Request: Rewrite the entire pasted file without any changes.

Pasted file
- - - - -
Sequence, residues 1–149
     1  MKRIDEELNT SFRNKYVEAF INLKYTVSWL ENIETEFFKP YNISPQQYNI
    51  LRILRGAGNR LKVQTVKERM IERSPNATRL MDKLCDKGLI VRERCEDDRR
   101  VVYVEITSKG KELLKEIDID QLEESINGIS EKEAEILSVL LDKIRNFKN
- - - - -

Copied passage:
Sequence, residues 1–149
     1  MKRIDEELNT SFRNKYVEAF INLKYTVSWL ENIETEFFKP YNISPQQYNI
    51  LRILRGAGNR LKVQTVKERM IERSPNATRL MDKLCDKGLI VRERCEDDRR
   101  VVYVEITSKG KELLKEIDID QLEESINGIS EKEAEILSVL LDKIRNFKN